Will he be able to keep it up going forward? Considering Pete DeBoer basically said “Hintz is playing hurt” without actually saying “Hintz is playing hurt” between games, probably not. But Dallas doesn’t need to have 4-point nights from Hintz — they just need him, at the minimum, to have a consistent, noticeable, positive impact on the ice when he’s out there. And this was a step in the right direction.

• The hidden story of Game 1 was the special teams — Dallas went 1-for-4 on the power play, whereas Colorado’s comeback was largely fueled by going 2-for-2. This time around, special teams took a much more notable role, but in the other direction — the Stars went 2-for-5, whereas the Avalanche not only went 0-for-3, but 1) gave up a shorthanded goal to Tyler Seguin, which ended up being the game-winner, and 2) specifically failed to score on the third power play when they had the goalie pulled for a 6-on-4.

The craziest thing about all of those penalties? They were almost exclusively self-inflicted from the Avalanche side: they were called twice for too many men, and twice for delay of game. Heck, they actually took a sixth penalty, but it resulted in a 4-on-4 as Mason Marchment got called for embellishment*. So in the end, Dallas only drew a single penalty to go on the power play (which they subsequently scored on, thank you very much).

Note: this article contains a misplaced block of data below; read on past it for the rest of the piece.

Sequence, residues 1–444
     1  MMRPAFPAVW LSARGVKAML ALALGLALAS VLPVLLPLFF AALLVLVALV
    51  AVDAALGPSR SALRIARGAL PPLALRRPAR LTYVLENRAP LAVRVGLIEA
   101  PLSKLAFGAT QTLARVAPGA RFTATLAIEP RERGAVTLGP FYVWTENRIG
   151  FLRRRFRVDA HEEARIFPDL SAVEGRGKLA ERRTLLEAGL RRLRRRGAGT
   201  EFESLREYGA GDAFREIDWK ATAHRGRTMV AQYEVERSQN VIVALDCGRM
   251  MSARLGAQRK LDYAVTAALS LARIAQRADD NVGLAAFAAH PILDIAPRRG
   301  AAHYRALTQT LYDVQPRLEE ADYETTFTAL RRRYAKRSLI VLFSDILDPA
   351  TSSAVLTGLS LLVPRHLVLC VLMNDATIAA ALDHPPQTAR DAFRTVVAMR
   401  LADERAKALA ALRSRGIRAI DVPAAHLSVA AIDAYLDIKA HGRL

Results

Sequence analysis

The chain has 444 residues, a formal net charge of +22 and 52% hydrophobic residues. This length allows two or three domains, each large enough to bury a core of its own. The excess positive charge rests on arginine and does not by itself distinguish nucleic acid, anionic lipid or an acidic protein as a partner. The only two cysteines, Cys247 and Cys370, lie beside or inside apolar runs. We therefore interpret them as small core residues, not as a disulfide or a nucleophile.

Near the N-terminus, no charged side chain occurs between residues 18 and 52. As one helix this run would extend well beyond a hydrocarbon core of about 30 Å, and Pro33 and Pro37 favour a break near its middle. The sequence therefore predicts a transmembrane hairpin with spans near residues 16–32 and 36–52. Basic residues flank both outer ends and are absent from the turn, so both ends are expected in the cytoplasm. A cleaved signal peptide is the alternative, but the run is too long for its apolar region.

*I think embellishment was absolutely the right call here, but I still maintain my stance that it should be an “either/or” scenario. Which means yes, I do think Colorado should have gone on the power play there rather than it be a 4-on-4.

• Perhaps the biggest call of the night, however, was the one that was taken back: when the Stars were up 2-0 in the second, Jamie Benn laid out a monster hit on Devon Toews that left him lying down on the ice: